these machine learning programs can be used for bridge inspection. tell me about the experiment you are conducting right here. >> we have a team of unmanned service vehicles working with the bridge inspector to look at the condition of the underwater structure of the bridge. one of the vehicles has an underwater acoustic imaging system. it basically is looking at the underwater structure. there is a computer on board that takes in information from the sensors and makes decisions. rather than pre-programmed -- programming the to handle information in a specific way, to follow behavior responses instead, they can handle a wider range of scenarios. the only application for the autonomous technology. it could have huge effects on shipping, construction, and search and rescue.
existing trucks. you both come -- have quite the pedigree. if some people find self driving cars scary, self driving trucks, 18 wheelers, takes it to a whole new level. what makes you think this can be done on a massive scale and safely? >> thanks for having me. scary, trucks are scary, and trucks are also unsafe. we had the knowledge and understanding that the technology can be applied to society sooner than later. if you think about trucks, they are inherently unsafe. we have over 4000 deaths a year on public roads. issues from pollution to
can beion, we believe we a solution for society. emily: are there still things that human will need to do? step is elevating the driver to a supervisor for the truck and basically having the truck drive itself for hundreds of miles. fueling,n is therefore for observation, for supervising the drive. future, but it will take a while. and the need for the trucks to be fueled and safely driven, and areially the drivers
driving nine or 10 hours a day, it will empower them to take the andk and drive it 24/7 finish the job and get back to their family. isly: david kirkpatrick still with us. jump in here. david: i love the idea. public support for this could grow much more rapidly than for self driving cars. most american think that trucks are driven dangerously and we know the drivers don't get enough sleep. we are always surrounded by them on the highway in ways that feel unsafe. the idea that they could be driven with the more reliable manner in a computer augmented approach is a great idea. i'm curious, do you think this kind of thing -- do you agree with this point and do you think this could catch on more rapidly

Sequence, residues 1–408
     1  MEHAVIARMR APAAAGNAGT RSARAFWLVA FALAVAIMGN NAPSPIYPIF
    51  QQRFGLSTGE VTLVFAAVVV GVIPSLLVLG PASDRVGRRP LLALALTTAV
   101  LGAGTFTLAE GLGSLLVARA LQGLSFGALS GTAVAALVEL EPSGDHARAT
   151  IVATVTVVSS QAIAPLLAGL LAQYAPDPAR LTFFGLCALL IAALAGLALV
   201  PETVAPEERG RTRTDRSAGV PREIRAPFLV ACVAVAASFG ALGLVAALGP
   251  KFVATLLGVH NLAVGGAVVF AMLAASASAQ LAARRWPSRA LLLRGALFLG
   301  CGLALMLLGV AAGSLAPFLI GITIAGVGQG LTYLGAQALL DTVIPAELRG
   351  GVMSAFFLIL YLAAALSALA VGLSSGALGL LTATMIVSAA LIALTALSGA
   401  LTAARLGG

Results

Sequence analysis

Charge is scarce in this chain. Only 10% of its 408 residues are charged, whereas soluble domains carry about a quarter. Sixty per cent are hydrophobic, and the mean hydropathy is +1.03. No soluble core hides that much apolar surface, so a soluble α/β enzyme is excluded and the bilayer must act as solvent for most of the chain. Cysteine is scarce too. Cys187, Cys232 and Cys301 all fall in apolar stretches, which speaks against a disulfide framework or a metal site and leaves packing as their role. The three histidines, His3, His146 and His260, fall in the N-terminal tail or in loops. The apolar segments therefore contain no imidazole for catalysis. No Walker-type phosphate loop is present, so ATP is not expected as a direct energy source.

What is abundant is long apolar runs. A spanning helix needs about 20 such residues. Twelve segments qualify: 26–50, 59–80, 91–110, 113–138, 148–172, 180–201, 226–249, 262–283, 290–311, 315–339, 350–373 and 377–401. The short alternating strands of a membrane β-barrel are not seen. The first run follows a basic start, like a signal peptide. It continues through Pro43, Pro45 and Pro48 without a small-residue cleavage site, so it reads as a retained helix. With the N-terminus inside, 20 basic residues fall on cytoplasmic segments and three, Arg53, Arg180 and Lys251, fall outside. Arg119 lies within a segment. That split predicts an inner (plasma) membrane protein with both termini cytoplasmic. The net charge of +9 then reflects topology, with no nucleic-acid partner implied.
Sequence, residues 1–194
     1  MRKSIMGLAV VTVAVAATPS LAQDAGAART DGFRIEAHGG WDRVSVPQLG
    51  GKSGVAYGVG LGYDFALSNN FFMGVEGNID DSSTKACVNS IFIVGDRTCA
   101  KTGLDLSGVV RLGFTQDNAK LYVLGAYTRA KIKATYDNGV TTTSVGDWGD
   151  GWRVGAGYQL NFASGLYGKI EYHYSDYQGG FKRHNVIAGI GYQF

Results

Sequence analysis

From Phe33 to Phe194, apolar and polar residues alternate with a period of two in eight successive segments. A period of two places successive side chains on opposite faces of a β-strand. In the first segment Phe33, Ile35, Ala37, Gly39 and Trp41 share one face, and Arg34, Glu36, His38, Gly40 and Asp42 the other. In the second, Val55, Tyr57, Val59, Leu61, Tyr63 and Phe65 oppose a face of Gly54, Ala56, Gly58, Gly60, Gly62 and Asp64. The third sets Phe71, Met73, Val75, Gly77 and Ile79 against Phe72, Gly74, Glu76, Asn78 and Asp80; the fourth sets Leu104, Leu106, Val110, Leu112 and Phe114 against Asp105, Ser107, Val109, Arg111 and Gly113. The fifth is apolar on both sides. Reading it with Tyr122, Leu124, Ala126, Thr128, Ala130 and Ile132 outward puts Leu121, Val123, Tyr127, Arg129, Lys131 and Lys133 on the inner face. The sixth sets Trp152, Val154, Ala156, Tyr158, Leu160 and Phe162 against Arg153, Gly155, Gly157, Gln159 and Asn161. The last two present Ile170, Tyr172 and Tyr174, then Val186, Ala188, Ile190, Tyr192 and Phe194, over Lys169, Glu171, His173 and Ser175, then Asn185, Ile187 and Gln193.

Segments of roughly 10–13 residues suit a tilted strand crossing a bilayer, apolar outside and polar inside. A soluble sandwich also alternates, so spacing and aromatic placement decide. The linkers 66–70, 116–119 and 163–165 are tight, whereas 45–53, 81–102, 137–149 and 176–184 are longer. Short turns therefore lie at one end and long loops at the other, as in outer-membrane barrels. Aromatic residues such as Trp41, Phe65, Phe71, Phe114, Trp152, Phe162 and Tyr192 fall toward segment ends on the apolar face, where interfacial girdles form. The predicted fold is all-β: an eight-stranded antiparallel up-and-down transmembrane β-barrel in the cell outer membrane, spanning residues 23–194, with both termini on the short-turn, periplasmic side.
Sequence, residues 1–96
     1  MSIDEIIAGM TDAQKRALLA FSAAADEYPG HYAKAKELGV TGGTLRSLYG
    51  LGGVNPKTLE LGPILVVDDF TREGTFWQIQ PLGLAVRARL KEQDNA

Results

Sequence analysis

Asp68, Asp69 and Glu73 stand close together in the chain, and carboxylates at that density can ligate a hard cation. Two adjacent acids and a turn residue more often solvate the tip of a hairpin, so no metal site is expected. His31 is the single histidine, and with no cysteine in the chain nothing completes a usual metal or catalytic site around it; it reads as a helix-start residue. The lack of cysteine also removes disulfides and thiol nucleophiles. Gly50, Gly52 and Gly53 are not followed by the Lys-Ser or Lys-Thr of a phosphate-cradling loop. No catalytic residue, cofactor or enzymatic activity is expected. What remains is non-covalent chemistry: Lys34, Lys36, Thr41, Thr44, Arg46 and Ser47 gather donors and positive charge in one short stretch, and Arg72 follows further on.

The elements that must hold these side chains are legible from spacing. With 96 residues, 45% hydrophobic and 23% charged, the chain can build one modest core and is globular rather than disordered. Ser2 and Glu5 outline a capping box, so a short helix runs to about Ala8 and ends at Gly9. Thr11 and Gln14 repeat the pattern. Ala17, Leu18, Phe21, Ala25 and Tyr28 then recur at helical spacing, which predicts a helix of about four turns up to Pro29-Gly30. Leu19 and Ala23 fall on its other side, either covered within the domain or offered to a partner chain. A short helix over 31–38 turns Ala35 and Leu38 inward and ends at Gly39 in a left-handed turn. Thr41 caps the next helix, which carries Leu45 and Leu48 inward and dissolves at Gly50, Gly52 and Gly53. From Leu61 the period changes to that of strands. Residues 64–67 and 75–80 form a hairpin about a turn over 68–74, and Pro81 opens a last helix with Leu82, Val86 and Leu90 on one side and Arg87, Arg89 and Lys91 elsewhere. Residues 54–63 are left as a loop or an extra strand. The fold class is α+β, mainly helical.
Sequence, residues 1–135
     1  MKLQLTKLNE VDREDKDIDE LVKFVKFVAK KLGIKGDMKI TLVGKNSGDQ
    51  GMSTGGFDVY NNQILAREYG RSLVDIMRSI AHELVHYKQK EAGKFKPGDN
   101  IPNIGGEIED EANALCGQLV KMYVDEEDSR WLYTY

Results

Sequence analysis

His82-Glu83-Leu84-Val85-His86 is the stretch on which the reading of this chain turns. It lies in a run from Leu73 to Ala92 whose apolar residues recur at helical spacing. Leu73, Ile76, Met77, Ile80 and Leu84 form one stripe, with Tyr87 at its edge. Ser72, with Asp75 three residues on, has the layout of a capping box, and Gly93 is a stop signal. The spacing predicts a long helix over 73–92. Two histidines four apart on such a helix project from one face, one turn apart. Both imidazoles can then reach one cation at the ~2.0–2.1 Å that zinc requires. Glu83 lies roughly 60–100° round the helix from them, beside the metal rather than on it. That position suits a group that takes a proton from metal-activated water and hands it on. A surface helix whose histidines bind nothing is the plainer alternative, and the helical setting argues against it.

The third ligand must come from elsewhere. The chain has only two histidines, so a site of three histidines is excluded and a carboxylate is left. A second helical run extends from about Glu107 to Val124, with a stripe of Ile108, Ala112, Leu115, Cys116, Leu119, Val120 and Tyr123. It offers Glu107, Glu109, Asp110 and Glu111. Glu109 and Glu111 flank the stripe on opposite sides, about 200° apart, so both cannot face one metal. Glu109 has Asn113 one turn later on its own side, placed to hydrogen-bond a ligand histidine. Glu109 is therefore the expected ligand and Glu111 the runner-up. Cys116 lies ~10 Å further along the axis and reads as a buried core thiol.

than self driving cars? >> that is our intent. the intent is to move as fast as we can. we do believe this problem can be solved. that's why we took that on. is a morey concentrated environment. taking a look much further down definitely a problem that can be solved. think about the energy we all use driving in city streets versus driving on the highway , basicallynd hours just trying to keep the car or truck between two lanes. emily: it is a fascinating problem you are tackling. we will keep our eyes on you
guys. david kirkpatrick from a my guest host for the hour, always a pleasure to have you. thank you for stopping by. it's time to find out who is having the best day ever. today's winner is all of us. are not out that gmo's harmful to human health. he comes after two years of research. overall the report sees no correlation between eating genetically engineered crops and cancer, kidney disease or allergies. that does it for this edition of "bloomberg west." kickoff coverage of google i/o. do not miss it. ♪
♪ >> from our studios in new york city, this is "charlie rose." charlie: tom brokaw is here. he continues to report for nbc news as a special correspondent. this past weekend he spoke to the graduating class at ole miss. his book on his struggle with cancer is now out on paperback. it is called "a lucky like interrupted, a memoir in hope." i am pleased to have you back at this table.